Recently, Boundary Bend, an Australian Olive Oil Manufacturer, released a media release stating that it had Cobram Estate California.
This combination was selected as the "healthiest Olive Oil on the Planet" in a Spanish competition that measured total polyphenol and oleocanthal levels in olive oil filed entries.
It's safe to say that Extra Virgin Olive Oils containing Phenolics are a lot more healthy than those who don't have them.
To gain an advantage in a highly competitive market, significant phenolic information material is being promoted by some Olive Oil companies today.
Forbes Magazine recently composed:
"Olive Oil can go as far as $150 and be packaged in a beautiful liter on popular websites provided it is accredited to have the most appropriate phenols -- chemical substances that according to EU research possess health-protecting qualities."
Leandro Ravetti (technical manager at Cobram Estate), stated that "this is interesting news" in the statement.
"We are proud that California oil has been given the recognition it deserves for its commitment to quality, freshness and taste"
Although some might argue that Cobram Estate is the most highly regarded Olive Oil company on the planet, this distinction of "healthiest olive oils" raises a critical problem. How can we determine if an Olive Oil is healthier than another Olive Oil?
The contest, called "The whole world's Greatest Health EVOO (Extra Virgin Olive Oil Contest)," was held at Malaga in May. Unfortunately, the results were not released. It did state that the entrances were rated according to their total polyphenols and oleocanthal levels.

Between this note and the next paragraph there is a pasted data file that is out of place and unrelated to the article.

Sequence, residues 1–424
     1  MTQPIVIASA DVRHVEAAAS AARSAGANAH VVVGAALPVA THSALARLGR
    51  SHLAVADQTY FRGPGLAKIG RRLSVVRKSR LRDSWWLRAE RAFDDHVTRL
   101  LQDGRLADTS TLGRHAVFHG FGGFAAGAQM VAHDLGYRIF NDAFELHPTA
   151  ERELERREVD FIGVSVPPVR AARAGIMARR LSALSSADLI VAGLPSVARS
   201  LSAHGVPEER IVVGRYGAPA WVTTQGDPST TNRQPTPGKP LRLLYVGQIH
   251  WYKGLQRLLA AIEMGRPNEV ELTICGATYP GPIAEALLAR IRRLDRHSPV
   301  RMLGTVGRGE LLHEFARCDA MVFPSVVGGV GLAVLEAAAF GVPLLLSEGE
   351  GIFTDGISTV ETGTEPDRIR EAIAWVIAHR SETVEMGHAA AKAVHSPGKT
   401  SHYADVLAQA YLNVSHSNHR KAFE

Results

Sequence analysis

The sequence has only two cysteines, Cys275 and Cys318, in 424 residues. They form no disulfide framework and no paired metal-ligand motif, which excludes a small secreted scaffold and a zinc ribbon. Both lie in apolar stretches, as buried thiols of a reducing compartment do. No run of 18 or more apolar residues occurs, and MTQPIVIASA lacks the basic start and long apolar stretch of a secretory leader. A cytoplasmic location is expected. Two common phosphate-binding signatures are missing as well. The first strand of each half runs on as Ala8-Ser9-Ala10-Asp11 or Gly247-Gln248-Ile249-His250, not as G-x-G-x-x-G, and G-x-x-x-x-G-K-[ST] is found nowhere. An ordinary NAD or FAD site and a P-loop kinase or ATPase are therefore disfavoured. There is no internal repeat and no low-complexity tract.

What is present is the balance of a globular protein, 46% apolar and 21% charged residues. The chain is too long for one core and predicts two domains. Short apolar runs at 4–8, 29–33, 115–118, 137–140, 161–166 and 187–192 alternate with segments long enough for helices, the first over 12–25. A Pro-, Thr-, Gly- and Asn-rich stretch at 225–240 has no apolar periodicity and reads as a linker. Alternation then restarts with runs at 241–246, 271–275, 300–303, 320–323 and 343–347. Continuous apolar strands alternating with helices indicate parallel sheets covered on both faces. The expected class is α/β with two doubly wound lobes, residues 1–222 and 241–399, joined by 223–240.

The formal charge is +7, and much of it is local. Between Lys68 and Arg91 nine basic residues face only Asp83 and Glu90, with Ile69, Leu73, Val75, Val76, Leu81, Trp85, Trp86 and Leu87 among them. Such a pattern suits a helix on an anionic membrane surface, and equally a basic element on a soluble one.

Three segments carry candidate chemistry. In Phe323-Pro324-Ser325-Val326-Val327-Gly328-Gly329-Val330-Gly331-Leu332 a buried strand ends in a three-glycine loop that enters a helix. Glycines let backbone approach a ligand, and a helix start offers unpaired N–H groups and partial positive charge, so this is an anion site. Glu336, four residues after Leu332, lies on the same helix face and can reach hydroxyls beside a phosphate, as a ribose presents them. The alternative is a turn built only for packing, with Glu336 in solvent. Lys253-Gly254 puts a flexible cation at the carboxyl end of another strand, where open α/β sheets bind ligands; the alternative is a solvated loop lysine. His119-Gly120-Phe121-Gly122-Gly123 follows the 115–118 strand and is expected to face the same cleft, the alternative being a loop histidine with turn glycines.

Extra Virgin Olive Oil has phenolic chemicals (including oleocanthal) that are antioxidants that have been shown to stop the development of degenerative diseases such as cancer and heart disease.
But, are olive oils with additional antioxidants necessarily better than those that you use in small quantities?
After many years of research and millions-dollar scientific tests, 81 mg has been approved as the optimal daily intake. It is possible to ask: What is the best variety of phenols?
Gary Beauchamp was the president emeritus at the Monell Chemical Senses Center, Philadelphia, who discovered oleocanthal. He said that people don't always recognize the truth.
It is quite safe to conclude that EVOOs (Extra Virgin Olive Oils), containing phenolics and specifically oleocanthal (amounts that can be about realized from the pungency and throat irritation of an olive oil) are healthier than those without them. Also, it is more likely that people with greater amounts are more likely to perform better than people with less. It is not impossible that more is better.
Some medical professionals have already praised antioxidants in capsules form as they can be too strong a factor. Jim Kerr, a pharmacist at the University of Alberta at Edmonton stated in an interview with CBC News that "you will get into a place and sometimes even early, that the doses became hazardous."
Keller stated that advertisers have promoted the notion that a little bit is good, a lot of it is better, and a lot of it is really great, but that's not true." Keller, who has been studying the effects completely free radicals since the 1970s according to CBC.
Beauchamp argued that too much water can cause health problems, so it is reasonable to suppose that there are phenolics that are not safe to consume. Because there are so few human experiments that attempt to answer this critical question, we don't know what the optimal ranges are.
It could be that the film is more technical than that.
However, experts agree that it could be a while before we can say for sure that Olive Oils with higher levels of phenols or other components are better for everyone.
Frequency, or how often people have the nourishment, can be more important than effectiveness. The best olive oil may seem to be the most delicious.